Microcoleus is a filamentous cyanobacteria genus with a global distribution. Some species form thick, cohesive mats over large areas of the benthos in rivers and lakes. In New Zealand Microcoleus autumnalis is an anatoxin producer and benthic proliferations are occurring in an increasing number of rivers nationwide. Anatoxin content in M. autumnalis-dominated mats varies spatially and temporally, making understanding and managing proliferations difficult. In this study a M. autumnalis-specific TaqMan probe quantitative PCR (qPCR) assay targeting the anaC gene was developed. The assay was assessed against 26 non-M. autumnalis species. The assay had a detection range over seven orders of magnitude, with a limit of detection of 5.14 × 10−8 ng μL−1. The anaC assay and a cyanobacterial specific 16S rRNA qPCR were then used to determine toxic genotype proportions in 122 environmental samples collected from 19 sites on 10 rivers in New Zealand. Anatoxin contents of the samples were determined using LC-MS/MS and anatoxin quota per toxic cell calculated. The percentage of toxic cells ranged from 0 to 30.3%, with significant (p < 0.05) differences among rivers. The anatoxin content in mats had a significant relationship with the percentage of toxic cells (R2 = 0.38, p < 0.001), indicating that changes in anatoxin content in M. autumnalis-dominated mats are primarily related to the dominance of toxic strains. When applied to more extensive samples sets the assay will enable new insights into how biotic and abiotic parameters influence genotype composition, and if applied to RNA assist in understanding anatoxin production. Full article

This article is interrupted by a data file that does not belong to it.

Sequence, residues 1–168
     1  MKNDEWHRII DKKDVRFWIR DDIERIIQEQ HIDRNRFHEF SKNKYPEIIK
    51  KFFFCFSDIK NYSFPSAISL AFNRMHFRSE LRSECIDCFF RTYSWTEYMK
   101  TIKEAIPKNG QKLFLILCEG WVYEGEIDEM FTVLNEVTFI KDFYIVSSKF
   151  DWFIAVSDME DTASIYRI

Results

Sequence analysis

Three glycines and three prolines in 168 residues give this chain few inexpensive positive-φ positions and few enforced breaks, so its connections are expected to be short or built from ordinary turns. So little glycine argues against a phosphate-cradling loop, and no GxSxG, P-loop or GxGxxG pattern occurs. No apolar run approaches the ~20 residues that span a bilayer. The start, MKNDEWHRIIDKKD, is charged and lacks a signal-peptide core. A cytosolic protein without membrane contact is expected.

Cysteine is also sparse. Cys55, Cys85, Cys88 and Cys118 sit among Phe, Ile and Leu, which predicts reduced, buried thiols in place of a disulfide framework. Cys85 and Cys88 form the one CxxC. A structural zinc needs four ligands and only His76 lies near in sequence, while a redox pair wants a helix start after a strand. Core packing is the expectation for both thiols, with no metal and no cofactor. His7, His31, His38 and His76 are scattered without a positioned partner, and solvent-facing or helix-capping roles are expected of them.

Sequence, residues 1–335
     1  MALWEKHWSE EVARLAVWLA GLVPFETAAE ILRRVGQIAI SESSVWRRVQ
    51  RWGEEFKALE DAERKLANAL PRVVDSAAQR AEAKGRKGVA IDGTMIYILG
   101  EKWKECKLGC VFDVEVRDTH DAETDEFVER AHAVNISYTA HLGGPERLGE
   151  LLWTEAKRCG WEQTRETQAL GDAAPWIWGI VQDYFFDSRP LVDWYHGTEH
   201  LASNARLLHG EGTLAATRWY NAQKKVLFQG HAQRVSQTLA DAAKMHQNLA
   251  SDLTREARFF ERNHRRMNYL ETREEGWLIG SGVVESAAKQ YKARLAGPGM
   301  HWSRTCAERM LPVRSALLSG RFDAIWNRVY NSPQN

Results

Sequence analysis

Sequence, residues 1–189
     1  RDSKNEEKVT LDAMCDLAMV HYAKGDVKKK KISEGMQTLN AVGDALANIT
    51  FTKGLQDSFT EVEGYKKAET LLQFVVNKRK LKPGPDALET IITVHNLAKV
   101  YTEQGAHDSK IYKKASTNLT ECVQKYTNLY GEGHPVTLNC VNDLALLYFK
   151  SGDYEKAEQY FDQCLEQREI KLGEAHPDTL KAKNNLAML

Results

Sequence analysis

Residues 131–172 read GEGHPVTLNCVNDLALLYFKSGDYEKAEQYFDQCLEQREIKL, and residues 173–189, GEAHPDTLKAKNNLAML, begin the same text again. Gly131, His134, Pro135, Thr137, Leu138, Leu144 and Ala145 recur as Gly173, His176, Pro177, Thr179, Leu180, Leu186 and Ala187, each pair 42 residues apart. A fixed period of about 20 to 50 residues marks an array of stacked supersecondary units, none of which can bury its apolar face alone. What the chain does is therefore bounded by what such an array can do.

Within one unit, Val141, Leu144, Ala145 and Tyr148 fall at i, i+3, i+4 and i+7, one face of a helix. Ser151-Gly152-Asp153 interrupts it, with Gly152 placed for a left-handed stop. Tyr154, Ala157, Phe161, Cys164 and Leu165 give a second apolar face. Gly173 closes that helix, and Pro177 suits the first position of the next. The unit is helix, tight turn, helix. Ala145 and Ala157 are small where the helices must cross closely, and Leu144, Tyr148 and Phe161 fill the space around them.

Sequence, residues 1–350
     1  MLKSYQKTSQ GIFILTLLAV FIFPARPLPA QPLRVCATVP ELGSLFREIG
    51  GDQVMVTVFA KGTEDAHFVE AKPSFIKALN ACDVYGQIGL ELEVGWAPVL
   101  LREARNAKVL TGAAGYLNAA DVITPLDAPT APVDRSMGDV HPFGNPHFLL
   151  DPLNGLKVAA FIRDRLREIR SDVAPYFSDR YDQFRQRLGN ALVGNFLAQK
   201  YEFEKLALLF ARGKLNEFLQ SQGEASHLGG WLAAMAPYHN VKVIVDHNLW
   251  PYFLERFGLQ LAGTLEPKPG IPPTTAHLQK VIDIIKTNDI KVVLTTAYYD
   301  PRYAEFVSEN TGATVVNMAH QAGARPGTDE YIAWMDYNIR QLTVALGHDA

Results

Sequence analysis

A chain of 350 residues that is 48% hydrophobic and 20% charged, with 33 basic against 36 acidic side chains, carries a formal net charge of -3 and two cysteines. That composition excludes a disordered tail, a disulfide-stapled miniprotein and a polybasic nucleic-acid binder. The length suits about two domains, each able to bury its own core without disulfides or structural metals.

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Open AccessArticle Cyanotoxins and Cyanobacteria Cell Accumulations in Drinking Water Treatment Plants with a Low Risk of Bloom Formation at the Source